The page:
Today, you will find L.J. over at my blog doing a guest post. We thought it would be fun to trade places for a day. I’ve never met L.J. in person, but I know her from The Blood Red Pencil blog. I’ve also read her book, Secrets to Die For, which I thoroughly enjoyed, and she was kind enough to read and blurb my new mystery, Open Season. (Which Dani Greer won in this giveaway!)
BTW, I did not pay or bribe her to give me a blurb. She was just kind enough to do it for me, and I hope to pass that kindness on one day when perhaps a blurb from me will mean something. [Note from L.J.: It’s a great story, no kindness necessary.]
In thinking about what to write about that would be helpful to other authors, I came up with the idea of sharing a few tips under the heading: Don’t Make These Mistakes.
Early in my career when my enthusiasm sometimes overran my common sense, I really blundered when I didn’t listen to an editor and do what she said. She was interested in a children’s book I was working on and wanted to see just a simple outline. I thought the first few pages of the book that I had already had my daughter illustrate would be good to send along, too, so I asked the editor if she wanted to see those. She said, “No. Just send the outline for now.”
Well, I kept looking at those lovely pictures and decided it wouldn’t hurt to just include a few with the outline. Certainly they would charm the editor and make her more receptive to my idea.
Silly me. What it did was show that editor that I did not know how to follow directions.
Don’t react like a petulant child the first time you are edited by a professional. When my first book sold, I was horrified when I got the manuscript back and the editor had changed up my chatty style to something quite a bit more academic. My husband convinced me to let it be for a day. Don’t call the editor and scream. Just have a glass of wine and look at the galleys tomorrow. “It’s about the book,” he said. “Not you.”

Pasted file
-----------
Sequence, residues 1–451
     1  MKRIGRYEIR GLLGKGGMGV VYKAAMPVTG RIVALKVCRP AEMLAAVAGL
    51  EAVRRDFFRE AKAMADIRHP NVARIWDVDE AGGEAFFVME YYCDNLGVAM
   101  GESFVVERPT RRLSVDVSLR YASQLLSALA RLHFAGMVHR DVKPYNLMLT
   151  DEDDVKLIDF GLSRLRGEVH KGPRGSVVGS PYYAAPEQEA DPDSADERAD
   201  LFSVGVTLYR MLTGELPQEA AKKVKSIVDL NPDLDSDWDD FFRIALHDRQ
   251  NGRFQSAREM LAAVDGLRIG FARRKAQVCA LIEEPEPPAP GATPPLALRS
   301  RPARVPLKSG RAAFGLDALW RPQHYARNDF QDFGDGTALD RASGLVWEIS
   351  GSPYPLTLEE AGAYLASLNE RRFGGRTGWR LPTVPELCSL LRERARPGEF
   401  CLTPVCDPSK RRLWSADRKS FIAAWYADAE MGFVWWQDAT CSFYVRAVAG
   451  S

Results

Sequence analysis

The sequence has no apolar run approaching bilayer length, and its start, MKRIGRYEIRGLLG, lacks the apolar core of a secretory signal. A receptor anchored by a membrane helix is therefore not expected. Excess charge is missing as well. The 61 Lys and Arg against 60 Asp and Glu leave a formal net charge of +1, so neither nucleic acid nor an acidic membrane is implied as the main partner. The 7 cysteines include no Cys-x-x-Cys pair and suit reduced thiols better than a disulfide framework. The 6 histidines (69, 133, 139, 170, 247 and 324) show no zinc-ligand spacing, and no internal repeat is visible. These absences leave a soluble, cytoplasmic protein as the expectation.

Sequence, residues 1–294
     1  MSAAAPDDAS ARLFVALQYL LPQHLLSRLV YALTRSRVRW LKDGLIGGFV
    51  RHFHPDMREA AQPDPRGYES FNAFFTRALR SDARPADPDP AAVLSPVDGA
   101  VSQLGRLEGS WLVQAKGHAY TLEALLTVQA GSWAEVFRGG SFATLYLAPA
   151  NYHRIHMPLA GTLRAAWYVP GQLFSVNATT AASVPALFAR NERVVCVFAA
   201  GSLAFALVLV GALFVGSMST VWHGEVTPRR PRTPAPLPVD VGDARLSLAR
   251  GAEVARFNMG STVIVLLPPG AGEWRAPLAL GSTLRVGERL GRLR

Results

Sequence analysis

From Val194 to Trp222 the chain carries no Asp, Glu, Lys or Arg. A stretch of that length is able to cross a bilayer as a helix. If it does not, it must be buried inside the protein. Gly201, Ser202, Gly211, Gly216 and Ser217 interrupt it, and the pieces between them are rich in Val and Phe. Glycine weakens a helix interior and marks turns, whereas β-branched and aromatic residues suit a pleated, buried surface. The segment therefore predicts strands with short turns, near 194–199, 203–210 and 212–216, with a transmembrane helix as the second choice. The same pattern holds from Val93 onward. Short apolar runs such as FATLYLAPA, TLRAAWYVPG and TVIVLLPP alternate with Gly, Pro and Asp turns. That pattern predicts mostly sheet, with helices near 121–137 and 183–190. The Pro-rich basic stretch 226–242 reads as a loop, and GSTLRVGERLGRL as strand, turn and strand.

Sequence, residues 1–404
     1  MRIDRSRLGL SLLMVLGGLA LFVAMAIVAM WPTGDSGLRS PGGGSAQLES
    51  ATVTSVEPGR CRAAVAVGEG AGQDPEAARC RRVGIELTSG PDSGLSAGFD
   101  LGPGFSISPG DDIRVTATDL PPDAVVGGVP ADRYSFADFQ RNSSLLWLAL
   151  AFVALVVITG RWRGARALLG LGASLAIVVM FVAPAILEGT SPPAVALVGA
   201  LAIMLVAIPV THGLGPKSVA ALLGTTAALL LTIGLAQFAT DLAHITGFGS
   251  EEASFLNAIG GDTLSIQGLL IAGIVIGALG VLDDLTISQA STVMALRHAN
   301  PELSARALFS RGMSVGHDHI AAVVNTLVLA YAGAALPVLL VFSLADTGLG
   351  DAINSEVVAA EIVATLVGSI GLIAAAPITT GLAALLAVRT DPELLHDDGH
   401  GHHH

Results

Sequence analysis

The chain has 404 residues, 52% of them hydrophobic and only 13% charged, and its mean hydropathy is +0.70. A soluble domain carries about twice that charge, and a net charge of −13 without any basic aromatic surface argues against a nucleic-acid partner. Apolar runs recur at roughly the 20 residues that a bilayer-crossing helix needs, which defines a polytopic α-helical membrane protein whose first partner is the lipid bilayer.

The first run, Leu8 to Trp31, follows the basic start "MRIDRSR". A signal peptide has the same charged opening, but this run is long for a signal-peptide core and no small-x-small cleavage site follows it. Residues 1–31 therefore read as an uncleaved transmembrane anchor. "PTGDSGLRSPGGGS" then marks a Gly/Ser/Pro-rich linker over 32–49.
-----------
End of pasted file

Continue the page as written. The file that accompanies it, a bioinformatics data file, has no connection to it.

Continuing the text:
Good words to keep in mind as we experience feedback from critique groups or editors. It’s about making the book the best it can be. It is not an indictment of our writing ability or our talent. We really need to resist the temptation to huff and puff and blow some publishing house down, just because we don’t like what some editor said.
Those aren’t the only mistakes I have made in my career, but I decided not to bore you with the rest. It did take me a while to learn that I had to be professional on all levels of this writing business, especially on the business side of it, and I hope it doesn’t take you as long.
What mistakes have you made that others can learn from?
Who is Maryann Miller? The author of nine non-fiction books, including the award-winning Coping With Weapons and Violence in School and On Your Streets. Her fiction includes: Play It Again, Sam, a woman’s novel, One Small Victory, a suspense novel, and Friends Forever, a young adult novel.
Here’s the tagline for her newest book, a mystery called Open Season: Set against a backdrop of racial tension and deadly force controversy in Dallas, Open Season introduces Sarah Kingsly and Angel Johnson, homicide detectives who are unlikely and unwilling partners. When people start dying in area shopping malls, the detectives find themselves up against a killer who has his own race card to play.
“Try this debut mystery by a journalist for its open treatment of current urban problems, clean prose, and realistic depiction of women working together. For readers who enjoy Robin Burcell and fans of police procedurals.”—Library Journal
“Miller spins a tight tale that’s a cut above the average police procedural…. Readers will want to see more of these engaging female cops.”—Publisher’s Weekly.
I’m feeling really lonely over here, folks. LOL
On a more serious note, I’ve decided to give an electronic copy of One Small Victory to a lucky winner drawn from those who leave comments here. I will keep the contest open until Friday to give people plenty of time to come on over.
It’s been a while. delighted you’re with us again. Even more delighted to read the wonderful reviews your new book has garnered! I see lots of library sales in your future. Congrats!